Allergan Settles For $ 200 Million With New York On Opioids | New York News



NEW YORK (AP) – Pharmaceutical company Allergan Finance LLC to pay New York State and two of its counties $ 200 million in a deal that withdraws it from an ongoing lawsuit over the opioids, state attorney general Letitia James said on Wednesday.

Under the agreement with the state and counties of Suffolk and Nassau, Allergan has not admitted any liability.

“For more than two decades, opioids have wreaked havoc among New Yorkers and Americans across the country, causing pain, addiction and death,” James said in a statement. “Our current essay has looked at the role companies like Allergan and its predecessors played in growing this epidemic, profiting while Americans were suffering.”

In a statement, the company said it was “satisfied” to have reached an agreement.

“The settlement will provide up to $ 200 million to resolve opioid issues, as well as to reimburse legal fees and costs that specifically represent the late stage of this lawsuit,” he said. “Allergan previously made the decision to voluntarily discontinue its branded prescription opioid business, which held a minimum market share of less than 1% of prescriptions nationwide.”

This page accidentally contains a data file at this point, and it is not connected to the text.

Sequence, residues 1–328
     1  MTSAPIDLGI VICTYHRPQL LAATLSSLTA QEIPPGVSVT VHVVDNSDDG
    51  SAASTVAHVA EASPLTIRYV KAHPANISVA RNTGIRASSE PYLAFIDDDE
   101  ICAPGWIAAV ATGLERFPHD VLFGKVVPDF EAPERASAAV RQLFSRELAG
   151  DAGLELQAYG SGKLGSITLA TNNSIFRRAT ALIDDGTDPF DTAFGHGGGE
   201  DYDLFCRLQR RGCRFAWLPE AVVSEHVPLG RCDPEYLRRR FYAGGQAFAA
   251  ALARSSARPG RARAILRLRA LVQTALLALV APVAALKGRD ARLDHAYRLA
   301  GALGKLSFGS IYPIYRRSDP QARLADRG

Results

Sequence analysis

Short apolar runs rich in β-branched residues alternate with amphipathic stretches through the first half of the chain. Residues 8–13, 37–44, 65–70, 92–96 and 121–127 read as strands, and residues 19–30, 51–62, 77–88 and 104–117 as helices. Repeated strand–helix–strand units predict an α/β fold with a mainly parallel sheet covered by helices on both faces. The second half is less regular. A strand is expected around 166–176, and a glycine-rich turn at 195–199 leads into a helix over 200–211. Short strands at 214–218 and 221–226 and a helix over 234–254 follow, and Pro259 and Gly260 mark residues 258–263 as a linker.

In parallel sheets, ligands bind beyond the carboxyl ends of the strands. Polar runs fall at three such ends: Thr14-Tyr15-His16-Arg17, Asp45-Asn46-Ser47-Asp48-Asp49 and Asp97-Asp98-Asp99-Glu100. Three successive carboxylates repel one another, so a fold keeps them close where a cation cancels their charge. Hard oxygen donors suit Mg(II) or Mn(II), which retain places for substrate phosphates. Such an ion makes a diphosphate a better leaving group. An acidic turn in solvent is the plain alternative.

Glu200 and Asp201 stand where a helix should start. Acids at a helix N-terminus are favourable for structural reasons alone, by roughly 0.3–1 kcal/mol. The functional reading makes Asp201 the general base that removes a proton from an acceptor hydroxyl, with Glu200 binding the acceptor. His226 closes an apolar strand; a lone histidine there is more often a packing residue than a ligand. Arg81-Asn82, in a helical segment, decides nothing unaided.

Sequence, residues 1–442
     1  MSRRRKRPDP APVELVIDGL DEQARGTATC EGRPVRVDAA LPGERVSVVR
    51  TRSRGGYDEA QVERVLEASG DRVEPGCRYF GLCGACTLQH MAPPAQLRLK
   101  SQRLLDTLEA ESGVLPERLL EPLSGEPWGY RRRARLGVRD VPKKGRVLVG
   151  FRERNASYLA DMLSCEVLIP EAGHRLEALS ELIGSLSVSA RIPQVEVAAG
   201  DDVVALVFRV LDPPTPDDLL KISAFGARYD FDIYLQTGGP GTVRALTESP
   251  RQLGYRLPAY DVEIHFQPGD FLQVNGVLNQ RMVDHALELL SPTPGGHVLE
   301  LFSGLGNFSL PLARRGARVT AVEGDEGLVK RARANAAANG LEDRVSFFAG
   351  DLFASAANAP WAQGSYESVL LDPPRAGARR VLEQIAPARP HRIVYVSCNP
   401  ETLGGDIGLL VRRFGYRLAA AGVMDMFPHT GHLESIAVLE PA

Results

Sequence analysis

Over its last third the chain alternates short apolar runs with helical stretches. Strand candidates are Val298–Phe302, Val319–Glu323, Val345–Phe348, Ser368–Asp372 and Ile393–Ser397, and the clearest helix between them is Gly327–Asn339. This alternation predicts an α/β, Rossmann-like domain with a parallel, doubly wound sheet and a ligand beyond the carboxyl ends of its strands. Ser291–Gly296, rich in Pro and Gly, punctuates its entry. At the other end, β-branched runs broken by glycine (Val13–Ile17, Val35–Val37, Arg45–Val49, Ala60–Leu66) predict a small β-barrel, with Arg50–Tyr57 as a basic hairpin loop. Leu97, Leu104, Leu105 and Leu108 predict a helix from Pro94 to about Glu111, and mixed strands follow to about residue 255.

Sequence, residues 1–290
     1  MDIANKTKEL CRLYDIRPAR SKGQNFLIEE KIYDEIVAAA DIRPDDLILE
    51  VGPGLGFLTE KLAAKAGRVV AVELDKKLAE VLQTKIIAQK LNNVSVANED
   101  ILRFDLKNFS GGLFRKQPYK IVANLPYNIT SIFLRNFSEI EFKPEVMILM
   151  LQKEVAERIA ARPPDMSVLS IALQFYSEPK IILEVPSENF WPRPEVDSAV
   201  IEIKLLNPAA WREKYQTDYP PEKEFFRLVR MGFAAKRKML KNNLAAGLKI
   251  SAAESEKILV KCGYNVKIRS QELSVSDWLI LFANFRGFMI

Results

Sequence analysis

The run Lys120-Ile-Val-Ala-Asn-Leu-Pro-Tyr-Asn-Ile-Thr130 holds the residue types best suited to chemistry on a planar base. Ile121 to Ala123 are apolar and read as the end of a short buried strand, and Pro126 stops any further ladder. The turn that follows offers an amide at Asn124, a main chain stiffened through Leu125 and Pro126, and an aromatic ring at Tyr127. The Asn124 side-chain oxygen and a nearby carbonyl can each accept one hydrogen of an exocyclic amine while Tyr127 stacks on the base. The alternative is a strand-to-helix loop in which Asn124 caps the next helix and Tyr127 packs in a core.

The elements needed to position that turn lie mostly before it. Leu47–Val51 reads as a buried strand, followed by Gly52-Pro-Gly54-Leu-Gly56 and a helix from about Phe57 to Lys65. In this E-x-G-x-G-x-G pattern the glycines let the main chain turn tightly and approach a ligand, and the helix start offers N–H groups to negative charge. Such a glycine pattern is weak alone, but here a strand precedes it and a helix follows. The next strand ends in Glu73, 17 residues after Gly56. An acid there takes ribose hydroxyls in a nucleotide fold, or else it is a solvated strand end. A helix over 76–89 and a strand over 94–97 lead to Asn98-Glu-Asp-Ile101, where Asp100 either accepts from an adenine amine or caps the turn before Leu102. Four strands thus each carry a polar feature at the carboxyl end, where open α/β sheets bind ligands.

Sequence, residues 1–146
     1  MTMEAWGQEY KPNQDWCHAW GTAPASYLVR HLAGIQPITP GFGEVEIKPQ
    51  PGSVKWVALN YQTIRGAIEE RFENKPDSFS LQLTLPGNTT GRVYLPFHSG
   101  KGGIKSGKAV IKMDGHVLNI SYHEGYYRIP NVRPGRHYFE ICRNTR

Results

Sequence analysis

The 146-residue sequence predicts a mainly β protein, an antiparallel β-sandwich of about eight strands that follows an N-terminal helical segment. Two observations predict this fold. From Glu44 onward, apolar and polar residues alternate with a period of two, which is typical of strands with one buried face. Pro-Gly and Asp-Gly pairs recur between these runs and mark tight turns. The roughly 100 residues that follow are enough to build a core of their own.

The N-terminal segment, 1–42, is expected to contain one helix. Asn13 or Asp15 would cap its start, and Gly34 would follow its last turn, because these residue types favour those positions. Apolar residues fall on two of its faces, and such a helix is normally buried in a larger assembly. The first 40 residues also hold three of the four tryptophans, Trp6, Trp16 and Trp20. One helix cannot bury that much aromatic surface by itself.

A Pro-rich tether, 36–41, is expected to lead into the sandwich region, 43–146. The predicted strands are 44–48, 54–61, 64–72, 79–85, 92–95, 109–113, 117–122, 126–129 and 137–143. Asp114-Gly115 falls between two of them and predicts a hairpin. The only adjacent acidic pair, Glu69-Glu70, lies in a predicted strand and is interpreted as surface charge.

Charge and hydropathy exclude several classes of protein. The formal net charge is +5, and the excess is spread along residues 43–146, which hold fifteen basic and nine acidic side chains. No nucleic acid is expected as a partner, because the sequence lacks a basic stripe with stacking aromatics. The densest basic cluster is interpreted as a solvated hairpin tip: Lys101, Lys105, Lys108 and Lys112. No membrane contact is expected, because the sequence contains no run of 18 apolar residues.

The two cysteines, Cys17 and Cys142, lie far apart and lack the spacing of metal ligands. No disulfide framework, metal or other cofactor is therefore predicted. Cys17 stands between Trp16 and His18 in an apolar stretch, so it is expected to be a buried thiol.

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The Allergan deal means Teva Pharmaceuticals remains as a defendant in a lawsuit that has unfolded in Suffolk County in recent months; oral argument was due to begin on Wednesday. Teva and regional drug distribution company Anda are also defendants in a county lawsuit.

In September, the state struck a deal with another company named in the lawsuit, Endo International. Further settlements were reached earlier in the trial process and before it began.

The lawsuit is one of thousands filed by state and local governments, Native American tribes, labor unions, school districts and others seeking to hold pharmaceutical companies accountable for the opioid crisis, which has been linked to more than 500,000 deaths in the United States in the past two decades.

The cases have only started to result in verdicts, and the results have been divided so far. An Oklahoma judge ruled against drugmaker Johnson & Johnson in 2019, but the state Supreme Court overturned that decision in November.

Also in November, a California judge ruled in favor of the drugmakers and a federal judge in Cleveland sided with two Ohio County governments that had claims against drugstore chains.

A trial is over but a judge has yet to rule in a West Virginia case, and a trial is underway in Washington state. Thousands of other cases are awaiting judgment.

Some of the biggest players in the industry, including distributors AmerisourceBergen, Cardinal Health and McKesson and drugmakers Johnson & Johnson, Mallinckrodt Pharmaceuticals and Purdue Pharma have entered into nationwide settlements with potentially much greater cumulative value. to $ 30 billion, with most of the money going to fight the epidemic.

But most of these agreements have not been finalized.

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